What you need to know
- A group is suing the Trump administration, seeking to overturn an executive order banning WeChat.
- Five Chinese-American lawyers founded the U.S. WeChat Users Alliance in the wake of the ban.
- They say WeChat is fundamental to some users, and that the ban is unlawful.
A group of Chinese-American lawyers plans to file a lawsuit against the Trump administration seeking to overturn a recent executive order targeting WeChat.
A group of WeChat users in the U.S. is launching a legal challenge to President Donald Trump's ban on the popular Chinese messaging app, arguing that the move violates their constitutional rights.
President Trump signed two executive orders targeting WeChat and TikTok earlier this month. The U.S. WeChat Users Alliance, founded by five Chinese-American lawyers in wake of the orders, will file a lawsuit today in the District Court for Northern California, seeking to overturn the ban.
Lead lawyer Michael Bien stated:
"The Trump ban ... is going to stop (U.S. WeChat users') use of something that is so fundamental in their lives"
The group does not have a huge U.S. user base, only clocking around 19 million downloads. However, the group will argue that the app serves as a primary method to "communicate, organize social groups, run businesses and engage in political activities", as such the ban violates the Constitution by censoring "such a fundamental part of communication", they also pointed out that this affects a minority group:
"especially when it affects an insular group that has historically been a minority that's been subject to discrimination in the U.S., by law or by practice"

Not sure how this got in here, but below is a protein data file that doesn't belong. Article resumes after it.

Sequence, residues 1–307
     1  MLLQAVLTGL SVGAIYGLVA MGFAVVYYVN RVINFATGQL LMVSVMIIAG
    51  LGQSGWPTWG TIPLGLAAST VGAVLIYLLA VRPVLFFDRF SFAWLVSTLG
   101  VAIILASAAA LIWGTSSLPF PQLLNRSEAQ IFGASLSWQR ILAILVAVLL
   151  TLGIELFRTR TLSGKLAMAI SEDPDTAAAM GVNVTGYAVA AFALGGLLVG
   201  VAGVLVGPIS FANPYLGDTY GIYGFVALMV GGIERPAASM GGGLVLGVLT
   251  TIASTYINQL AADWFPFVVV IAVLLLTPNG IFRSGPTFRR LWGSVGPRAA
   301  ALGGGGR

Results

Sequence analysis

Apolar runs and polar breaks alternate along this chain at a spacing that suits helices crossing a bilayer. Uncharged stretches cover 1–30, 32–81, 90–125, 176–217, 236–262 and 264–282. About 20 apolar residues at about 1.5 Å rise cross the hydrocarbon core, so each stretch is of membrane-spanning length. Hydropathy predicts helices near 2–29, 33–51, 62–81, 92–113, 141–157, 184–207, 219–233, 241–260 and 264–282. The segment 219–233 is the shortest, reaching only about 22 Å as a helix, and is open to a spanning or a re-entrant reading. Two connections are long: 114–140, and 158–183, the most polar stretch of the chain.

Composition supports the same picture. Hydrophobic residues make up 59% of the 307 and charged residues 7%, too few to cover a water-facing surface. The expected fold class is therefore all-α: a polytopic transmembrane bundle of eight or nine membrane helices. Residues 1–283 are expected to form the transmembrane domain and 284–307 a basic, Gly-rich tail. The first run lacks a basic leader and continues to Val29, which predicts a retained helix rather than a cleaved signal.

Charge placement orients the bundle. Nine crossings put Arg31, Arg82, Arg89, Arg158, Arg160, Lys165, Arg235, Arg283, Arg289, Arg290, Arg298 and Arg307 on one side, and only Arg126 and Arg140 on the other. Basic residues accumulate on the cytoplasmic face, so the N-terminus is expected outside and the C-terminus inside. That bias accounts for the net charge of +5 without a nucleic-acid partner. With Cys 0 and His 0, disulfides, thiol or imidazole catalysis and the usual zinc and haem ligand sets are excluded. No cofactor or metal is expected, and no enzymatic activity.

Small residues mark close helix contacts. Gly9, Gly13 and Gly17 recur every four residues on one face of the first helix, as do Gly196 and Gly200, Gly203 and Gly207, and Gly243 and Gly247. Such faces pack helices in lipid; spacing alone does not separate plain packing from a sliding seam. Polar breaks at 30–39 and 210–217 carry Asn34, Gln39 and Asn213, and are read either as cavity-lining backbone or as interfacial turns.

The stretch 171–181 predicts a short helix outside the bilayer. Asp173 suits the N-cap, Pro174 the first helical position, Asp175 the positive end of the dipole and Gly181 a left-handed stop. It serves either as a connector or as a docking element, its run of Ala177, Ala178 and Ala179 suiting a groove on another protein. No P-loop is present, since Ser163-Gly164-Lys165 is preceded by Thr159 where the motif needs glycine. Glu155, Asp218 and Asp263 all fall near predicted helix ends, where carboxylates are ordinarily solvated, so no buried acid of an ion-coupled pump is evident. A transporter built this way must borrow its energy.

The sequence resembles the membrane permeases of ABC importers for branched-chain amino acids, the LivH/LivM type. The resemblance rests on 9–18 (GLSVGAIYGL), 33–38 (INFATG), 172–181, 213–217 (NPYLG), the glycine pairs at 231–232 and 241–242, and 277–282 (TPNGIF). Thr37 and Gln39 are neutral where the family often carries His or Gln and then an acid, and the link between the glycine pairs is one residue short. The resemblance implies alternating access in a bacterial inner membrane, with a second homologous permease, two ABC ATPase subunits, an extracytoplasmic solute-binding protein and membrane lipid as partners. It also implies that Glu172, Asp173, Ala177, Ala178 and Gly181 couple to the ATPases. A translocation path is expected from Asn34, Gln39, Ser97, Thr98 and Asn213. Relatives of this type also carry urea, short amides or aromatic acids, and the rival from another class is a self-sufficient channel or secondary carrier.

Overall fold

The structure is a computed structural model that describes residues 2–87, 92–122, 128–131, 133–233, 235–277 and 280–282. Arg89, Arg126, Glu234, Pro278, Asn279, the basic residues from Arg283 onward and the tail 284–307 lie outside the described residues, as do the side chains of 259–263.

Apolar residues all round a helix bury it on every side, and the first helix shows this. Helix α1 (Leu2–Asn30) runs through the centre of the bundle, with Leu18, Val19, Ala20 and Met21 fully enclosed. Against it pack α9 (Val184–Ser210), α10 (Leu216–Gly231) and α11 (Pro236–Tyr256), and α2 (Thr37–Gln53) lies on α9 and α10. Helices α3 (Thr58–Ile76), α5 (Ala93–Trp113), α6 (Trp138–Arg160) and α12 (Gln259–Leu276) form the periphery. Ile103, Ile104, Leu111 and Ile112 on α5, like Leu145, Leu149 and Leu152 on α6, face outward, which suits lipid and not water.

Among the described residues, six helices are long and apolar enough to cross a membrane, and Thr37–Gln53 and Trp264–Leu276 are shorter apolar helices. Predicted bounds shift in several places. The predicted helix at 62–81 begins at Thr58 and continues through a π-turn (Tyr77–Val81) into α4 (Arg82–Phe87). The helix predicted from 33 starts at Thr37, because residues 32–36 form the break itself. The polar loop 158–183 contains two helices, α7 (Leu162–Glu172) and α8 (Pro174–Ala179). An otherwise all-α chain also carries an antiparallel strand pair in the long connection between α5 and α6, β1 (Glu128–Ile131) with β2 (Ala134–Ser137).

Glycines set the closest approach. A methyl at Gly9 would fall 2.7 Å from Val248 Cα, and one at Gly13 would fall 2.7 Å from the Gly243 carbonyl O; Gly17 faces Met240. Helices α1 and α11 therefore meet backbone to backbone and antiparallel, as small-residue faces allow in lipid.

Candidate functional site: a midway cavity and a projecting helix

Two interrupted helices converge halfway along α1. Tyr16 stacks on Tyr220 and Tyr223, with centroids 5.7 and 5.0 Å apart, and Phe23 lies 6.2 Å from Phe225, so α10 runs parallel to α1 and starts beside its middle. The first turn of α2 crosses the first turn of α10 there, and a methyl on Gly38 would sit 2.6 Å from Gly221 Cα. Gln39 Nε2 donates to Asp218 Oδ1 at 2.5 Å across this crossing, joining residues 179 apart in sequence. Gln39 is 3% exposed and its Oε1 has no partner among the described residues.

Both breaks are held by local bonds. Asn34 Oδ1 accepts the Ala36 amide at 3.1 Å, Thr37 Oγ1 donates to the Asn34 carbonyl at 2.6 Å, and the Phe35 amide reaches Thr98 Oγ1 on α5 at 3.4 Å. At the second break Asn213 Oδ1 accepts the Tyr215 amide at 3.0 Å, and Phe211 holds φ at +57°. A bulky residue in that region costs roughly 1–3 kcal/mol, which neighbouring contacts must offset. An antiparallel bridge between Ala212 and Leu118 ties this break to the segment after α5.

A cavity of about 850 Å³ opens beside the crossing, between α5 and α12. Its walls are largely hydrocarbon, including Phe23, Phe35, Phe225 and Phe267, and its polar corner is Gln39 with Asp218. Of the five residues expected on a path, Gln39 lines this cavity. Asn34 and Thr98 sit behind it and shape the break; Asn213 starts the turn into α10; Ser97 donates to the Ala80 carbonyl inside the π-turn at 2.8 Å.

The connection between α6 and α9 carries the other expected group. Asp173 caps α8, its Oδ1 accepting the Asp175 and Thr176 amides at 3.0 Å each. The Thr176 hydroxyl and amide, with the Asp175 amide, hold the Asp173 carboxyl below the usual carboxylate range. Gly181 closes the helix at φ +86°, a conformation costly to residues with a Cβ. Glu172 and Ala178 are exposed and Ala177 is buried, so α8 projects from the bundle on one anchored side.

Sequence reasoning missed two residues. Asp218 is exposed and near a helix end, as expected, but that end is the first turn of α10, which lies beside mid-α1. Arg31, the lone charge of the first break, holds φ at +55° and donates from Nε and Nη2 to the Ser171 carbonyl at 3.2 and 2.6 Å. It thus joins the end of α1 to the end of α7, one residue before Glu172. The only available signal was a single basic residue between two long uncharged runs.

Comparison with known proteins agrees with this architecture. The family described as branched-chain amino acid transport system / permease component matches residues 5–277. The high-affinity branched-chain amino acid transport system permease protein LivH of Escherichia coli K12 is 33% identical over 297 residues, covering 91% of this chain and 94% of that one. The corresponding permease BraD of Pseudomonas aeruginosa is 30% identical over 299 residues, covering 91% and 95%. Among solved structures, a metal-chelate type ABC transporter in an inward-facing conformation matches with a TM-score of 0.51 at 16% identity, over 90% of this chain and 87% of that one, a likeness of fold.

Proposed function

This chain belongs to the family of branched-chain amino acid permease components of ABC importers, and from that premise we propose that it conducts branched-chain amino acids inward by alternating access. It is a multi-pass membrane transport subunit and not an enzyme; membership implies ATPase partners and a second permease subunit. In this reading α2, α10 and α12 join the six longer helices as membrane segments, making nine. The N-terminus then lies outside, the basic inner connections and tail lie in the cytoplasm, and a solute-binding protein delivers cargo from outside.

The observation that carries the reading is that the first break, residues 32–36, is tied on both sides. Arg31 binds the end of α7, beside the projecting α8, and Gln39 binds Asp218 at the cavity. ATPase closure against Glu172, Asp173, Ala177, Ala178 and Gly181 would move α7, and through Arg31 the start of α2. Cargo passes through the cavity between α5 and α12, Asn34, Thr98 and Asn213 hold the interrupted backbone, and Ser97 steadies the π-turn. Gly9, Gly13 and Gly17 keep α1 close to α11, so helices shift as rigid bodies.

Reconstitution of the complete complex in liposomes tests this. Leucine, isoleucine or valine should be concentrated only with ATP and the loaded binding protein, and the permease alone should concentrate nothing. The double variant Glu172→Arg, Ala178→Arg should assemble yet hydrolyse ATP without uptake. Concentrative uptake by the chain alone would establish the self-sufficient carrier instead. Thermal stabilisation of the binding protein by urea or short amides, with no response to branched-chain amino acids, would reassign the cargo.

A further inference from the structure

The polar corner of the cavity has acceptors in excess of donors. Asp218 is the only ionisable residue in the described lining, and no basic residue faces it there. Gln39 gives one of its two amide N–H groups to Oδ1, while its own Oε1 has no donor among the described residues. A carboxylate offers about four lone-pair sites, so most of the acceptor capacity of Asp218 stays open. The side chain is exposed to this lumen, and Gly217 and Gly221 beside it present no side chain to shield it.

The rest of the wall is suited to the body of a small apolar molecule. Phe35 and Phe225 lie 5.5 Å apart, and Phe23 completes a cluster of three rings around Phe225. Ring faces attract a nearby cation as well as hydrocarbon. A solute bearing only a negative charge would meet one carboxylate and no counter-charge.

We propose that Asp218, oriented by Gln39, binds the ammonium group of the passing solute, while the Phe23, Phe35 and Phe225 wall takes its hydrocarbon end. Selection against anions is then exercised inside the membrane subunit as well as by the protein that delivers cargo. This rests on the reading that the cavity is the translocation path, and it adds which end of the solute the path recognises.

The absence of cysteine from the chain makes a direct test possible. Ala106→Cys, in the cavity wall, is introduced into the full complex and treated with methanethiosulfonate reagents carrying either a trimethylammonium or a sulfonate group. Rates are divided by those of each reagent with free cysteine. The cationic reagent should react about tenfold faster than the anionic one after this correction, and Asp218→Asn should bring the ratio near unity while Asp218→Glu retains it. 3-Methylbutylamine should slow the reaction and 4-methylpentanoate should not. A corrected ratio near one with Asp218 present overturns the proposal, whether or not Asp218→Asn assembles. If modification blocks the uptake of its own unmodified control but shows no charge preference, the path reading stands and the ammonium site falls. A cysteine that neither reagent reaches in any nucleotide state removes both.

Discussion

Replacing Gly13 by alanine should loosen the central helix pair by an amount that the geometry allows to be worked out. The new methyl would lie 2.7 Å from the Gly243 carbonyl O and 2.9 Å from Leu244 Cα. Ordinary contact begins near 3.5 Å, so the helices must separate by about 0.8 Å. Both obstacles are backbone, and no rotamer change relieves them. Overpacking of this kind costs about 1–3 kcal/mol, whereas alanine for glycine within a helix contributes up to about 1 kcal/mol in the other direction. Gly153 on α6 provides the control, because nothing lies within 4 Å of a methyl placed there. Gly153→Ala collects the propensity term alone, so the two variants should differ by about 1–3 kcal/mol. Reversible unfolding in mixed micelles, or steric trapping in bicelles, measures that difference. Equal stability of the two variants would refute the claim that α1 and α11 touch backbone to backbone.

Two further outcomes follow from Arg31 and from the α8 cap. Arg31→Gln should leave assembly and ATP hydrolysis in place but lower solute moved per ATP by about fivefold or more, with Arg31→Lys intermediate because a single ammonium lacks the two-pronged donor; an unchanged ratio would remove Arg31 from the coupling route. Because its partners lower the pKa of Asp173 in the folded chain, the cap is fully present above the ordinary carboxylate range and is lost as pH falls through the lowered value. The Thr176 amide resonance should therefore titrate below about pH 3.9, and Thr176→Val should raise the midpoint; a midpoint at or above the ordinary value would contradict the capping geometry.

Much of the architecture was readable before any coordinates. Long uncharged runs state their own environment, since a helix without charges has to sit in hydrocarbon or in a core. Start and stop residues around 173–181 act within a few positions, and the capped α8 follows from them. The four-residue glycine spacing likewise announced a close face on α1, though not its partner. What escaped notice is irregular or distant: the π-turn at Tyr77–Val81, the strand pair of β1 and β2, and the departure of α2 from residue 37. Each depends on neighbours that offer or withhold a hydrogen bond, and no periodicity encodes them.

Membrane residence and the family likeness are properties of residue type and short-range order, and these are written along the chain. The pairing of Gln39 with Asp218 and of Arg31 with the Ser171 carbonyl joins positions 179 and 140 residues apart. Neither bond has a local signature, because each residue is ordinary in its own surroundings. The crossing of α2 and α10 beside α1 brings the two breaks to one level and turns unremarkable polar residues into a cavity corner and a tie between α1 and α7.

The group also notes the fact that the order is very ambiguous:
Another argument against the ban is that it is having a "chilling effect" -- a legal term referring to the threat of legal sanctions used to discourage people from exercising their natural and legal rights.
The executive order prohibits any transaction with Tencent that relates to WeChat, but does not define what constitutes a "transaction."
"One of the problems with the executive order that was issued on Aug. 6 is that no one knows what it means, which has a chilling effect on users," Bien said. "This executive order has criminal sanctions as possible outcomes, and no one knows what's allowed. ... The vagueness in the law is also a constitutional violation."
As with the ban on TikTok, it will be up to the U.S. government to define what exactly constitutes a "transaction" between TikTok, WeChat, and any U.S. citizen or company. Until then, the true ramifications of the orders remain very unclear.
The group says that a lawsuit "seemed like a longshot at first", but is now more optimistic following extensive research into the case.
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